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Brad Anderson Q&A

  Brad Anderson, director of The Machinist dropped by and we used it as a good excuse to quickly question him!

The Spinning Image (TSI): Christian Bale’s performance has just staggered people wherever you’ve taken the film – how much direction did you give him regarding the huge weight loss we see on screen?

Brad Anderson (BA): Well it was written in Scott Kosar’s script that the character was literally described as ‘a walking skeleton’ – a man who has literally been consumed by his own guilty conscience. When Christian and I talked about the script he was so enthusiastic about the project and the character, that I just assumed that he was going to try and lose some weight. However, when he showed up in Barcelona I was also quite freaked out! I really didn’t think that he’d go the extreme that he did, losing, I think, about 63 pounds. I think he even lost a little more whilst we shot the movie. So it wasn’t really a condition of making the movie that he lose the weight but it was clear that he would have to lose some weight. But he went way beyond what I expected him to do…and I really respect his commitment to the roles that he plays. I mean there were moments when we were concerned for his physical health for sure but in the end he made the right choice because it makes the character’s journey in the film that bit more compelling. He looks like he’s right on Death’s Door, having been literally torn apart by his guilt.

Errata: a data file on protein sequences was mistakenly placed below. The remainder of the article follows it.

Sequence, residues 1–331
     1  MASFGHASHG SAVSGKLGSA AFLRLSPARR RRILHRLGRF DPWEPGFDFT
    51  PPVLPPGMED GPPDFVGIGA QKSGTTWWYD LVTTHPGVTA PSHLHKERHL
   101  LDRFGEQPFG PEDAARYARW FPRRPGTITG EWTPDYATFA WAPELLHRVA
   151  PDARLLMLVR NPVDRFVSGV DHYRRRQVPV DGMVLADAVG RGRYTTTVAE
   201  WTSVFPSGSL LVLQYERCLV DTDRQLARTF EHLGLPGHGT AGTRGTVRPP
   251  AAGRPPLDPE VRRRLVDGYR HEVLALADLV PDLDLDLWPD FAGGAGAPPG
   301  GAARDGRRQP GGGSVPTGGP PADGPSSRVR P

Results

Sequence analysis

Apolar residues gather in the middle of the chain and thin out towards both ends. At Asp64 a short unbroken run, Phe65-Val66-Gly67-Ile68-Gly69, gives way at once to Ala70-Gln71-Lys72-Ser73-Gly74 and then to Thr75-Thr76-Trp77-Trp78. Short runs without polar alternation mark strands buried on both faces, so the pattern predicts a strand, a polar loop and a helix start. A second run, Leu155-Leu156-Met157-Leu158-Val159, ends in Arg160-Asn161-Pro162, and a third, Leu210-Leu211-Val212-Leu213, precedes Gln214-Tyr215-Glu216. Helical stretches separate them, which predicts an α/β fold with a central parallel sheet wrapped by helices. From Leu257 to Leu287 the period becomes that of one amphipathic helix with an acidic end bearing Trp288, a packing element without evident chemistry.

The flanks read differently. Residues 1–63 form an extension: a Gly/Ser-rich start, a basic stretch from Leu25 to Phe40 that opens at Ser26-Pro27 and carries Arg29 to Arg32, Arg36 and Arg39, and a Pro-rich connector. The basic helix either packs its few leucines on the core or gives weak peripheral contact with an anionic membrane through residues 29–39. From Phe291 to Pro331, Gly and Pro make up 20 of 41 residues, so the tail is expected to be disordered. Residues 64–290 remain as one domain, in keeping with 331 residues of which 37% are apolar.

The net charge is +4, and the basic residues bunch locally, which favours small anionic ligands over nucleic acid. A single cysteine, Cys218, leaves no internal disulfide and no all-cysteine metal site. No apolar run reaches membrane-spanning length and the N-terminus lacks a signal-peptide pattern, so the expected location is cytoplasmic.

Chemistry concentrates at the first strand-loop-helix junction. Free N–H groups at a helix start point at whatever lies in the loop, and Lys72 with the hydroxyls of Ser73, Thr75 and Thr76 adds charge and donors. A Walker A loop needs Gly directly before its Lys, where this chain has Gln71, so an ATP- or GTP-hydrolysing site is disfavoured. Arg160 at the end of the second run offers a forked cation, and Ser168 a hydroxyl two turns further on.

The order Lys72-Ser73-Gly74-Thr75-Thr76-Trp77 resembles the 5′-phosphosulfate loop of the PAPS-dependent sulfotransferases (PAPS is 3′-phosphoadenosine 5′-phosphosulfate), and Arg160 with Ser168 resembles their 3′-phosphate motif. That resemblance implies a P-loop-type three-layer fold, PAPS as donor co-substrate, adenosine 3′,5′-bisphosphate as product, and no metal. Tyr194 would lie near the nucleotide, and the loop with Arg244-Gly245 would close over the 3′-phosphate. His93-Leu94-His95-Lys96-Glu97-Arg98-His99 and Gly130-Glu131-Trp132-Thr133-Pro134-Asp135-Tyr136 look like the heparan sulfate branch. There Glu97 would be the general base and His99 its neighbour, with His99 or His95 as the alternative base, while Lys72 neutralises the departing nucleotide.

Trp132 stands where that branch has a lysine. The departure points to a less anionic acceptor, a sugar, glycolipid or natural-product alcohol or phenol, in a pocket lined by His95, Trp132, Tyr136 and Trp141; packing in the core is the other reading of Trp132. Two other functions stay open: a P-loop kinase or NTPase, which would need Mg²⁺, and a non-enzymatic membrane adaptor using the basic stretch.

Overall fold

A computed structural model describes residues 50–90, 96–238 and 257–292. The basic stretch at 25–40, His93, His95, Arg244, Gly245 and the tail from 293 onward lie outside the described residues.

TSI: In American Psycho Bale famously stayed in character off-screen in a total Method performance, was this the case on your film?

BA: Well he did to the extent that he kept the American accent (Bale is British), and thankfully he wasn’t the sort of brooding, paranoid character that he was in the movie!

TSI: So he didn’t shut himself away in his trailer…

BA: Well he was very shut way but I think it’s his way of staying in character to a degree. But I also think he was far more detached because he was absolutely exhausted y’know? He didn’t have a lot of energy, so he would hang out in his trailer and try to regain energy for his next take.

TSI: He then probably went and supersized himself at the end of the film!

BA: Well I was saying to someone yesterday, Christian’s personal hell was being in Barcelona, surrounded by some of the best cuisine in the world, and not being able to eat any of it for three months or whatever. The moment that we wrapped however, he made a beeline to the best restaurant! I think he put the weight back on pretty quickly though, I think in about 2 months or so, because when we did the re-shoots of him that appear at the end of the film he had put it all back on.